About Minnesota Orchestra
The Minnesota Orchestra, one of the leading American orchestras, has often been referred to as the "orchestra on wheels" because of its extensive touring. Its music directors and guest conductors include several very prominent names, and it has been featured on broadcasts and recordings dating back to 1923.
The Minnesota Orchestra was known as the Minneapolis Symphony Orchestra throughout much of its existence. The Minnesota Orchestra, like so many others, has its roots in local amateur choral and instrumental ensembles. Emil Oberhoffer, director of the Philharmonic Club ensemble, sought the funds to found a permanent orchestra. With a group of the Danz Orchestra to form the core of the orchestra, his efforts came to fruition with the inaugural performance of the 60-member Minneapolis Symphony Orchestra on November 5, 1903. Its first tour occurred in the spring of 1907, and since then, the orchestra has toured throughout the Americas, Europe, Asia, and South Africa. When not on tour, the orchestra's home was at the Minneapolis Auditorium until 1930, when it moved to the Northrop Auditorium at the University of Minnesota. The orchestra's current home, Orchestra Hall, was constructed on the site of the original Minneapolis Auditorium and opened in 1974.
Oberhoffer directed the orchestra until 1922. Upon Oberhoffer's retirement, Henri Verbrugghen was selected to lead the orchestra. Under his direction, the orchestra performed its first radio broadcast in 1923 and made its first recordings. Along with expanding its classical repertoire, he introduced new music by the avant-garde composers of the time: Schoenberg, Stravinsky, and Honegger. Verbrugghen's successor was Eugene Ormandy. His talent and drive, which earned him acclaim as a "young genius," likened to Toscanini and Stokowski, is credited with seeing the orchestra successfully through America's great depression. Ormandy left in 1936 and was replaced by Dmitri Mitropoulos. Under Mitropoulos, the orchestra furthered its exploration of progressive music, particularly that of Schoenberg, Berg, and Krenek, while also featuring such Romantics as Schumann and Mendelssohn. Mitropoulos left the orchestra in 1949 and was replaced by Antal Dorati. During his 11 years with the orchestra, Dorati programmed performances with local choruses, directed its first television appearances, and in 1957, led the orchestra on a world tour to Europe, the Middle East, and India, sponsored by the State Department.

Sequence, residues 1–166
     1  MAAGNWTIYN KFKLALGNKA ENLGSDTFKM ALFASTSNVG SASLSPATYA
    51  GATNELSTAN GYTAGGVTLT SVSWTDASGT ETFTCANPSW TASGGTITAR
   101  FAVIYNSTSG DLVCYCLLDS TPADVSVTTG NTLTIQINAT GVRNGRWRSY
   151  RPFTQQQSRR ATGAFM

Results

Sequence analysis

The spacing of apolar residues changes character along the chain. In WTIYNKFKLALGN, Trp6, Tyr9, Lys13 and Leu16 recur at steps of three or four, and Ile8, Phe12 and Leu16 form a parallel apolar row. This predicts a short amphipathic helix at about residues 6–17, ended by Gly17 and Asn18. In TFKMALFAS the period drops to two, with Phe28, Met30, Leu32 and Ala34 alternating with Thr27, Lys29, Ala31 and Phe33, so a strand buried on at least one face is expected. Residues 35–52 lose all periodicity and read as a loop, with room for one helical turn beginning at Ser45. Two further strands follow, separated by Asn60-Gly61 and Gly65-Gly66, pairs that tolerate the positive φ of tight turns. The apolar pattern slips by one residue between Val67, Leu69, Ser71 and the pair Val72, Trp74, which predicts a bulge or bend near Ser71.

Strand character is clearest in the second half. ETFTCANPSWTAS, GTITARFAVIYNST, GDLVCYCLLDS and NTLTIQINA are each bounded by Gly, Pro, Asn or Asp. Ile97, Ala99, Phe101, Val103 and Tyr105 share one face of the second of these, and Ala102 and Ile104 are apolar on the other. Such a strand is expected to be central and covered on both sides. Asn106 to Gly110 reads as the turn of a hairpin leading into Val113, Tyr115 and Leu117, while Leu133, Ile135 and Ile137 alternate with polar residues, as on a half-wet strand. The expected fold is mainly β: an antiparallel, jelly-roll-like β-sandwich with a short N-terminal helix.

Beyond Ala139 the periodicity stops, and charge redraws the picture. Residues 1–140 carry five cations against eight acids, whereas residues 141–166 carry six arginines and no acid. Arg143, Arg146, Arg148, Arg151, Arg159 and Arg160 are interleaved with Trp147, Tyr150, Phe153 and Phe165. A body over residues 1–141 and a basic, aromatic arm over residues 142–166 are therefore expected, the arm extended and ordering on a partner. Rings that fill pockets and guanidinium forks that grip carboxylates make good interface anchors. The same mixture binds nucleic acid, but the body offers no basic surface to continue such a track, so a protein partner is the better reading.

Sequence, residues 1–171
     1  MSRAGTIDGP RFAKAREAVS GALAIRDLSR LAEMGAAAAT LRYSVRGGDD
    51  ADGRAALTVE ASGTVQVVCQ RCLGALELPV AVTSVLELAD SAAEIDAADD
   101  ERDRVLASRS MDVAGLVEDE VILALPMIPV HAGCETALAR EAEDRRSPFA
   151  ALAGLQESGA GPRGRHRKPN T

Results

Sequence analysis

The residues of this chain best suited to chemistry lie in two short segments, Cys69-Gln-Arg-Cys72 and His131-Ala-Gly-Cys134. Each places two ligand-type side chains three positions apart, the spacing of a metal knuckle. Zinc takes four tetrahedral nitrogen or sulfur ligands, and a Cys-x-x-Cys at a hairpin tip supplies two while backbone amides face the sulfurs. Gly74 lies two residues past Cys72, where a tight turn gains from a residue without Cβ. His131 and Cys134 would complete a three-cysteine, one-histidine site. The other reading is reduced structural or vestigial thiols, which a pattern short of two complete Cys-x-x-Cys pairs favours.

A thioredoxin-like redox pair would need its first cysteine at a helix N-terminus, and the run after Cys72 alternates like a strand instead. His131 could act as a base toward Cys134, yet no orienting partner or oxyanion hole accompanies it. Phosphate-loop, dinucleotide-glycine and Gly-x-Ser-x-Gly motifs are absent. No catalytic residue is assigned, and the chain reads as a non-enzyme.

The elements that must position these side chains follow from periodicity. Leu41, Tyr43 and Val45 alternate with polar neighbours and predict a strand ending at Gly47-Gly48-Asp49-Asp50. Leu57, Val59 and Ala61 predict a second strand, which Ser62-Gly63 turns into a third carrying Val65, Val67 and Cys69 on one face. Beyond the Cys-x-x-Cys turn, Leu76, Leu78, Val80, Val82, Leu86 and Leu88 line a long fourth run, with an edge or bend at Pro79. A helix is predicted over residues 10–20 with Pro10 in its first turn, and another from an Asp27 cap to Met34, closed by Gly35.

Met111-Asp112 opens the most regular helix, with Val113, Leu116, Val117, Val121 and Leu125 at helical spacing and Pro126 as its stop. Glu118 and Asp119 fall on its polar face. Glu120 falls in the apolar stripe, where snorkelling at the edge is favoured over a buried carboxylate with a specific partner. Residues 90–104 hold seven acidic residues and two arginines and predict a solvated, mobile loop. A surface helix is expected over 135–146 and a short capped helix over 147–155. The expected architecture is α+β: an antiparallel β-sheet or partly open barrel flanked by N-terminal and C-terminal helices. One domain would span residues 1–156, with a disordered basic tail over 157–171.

Stanislaw Skrowaczewski assumed the role of director when Dorati left in 1960. Under Skrowaczewski, the orchestra expanded both its membership and its season, performing 50 weeks a year. In 1968, the Minneapolis Symphony Orchestra became the Minnesota Orchestra. Skrowaczewski presided over numerous special events, including the 1965 concert at the United Nations on Human Rights Day and Stravinsky's guest appearance in 1966. The orchestra was rewarded twice with the ASCAP award for its programming of contemporary music. Neville Marriner became the director in 1979, leading the orchestra through extensive recordings and, in 1980, began national weekly radio broadcasts. He turned the directorship over to Edo de Waart in 1986, who, in turn, relinquished the role to Eiji Oue in 1995. Osmo Vänskä was named the music director in 2003.
The Minnesota Orchestra's earliest recordings were on the Brunswick label, and it has since recorded for Mercury, Vox, and BIS, among others. The orchestra won a 2003 Grammy Award for its Reference Recordings album Casa Guidi, under Oue. It won another Grammy Award in 2014 for a recording of Sibelius' first and fourth symphonies, under Vänskä, on BIS. In 2020, Vänskä led the orchestra on a BIS recording of Mahler's fourth symphony, featuring soprano Carolyn Sampson. ~ Bruce Lundgren & Keith Finke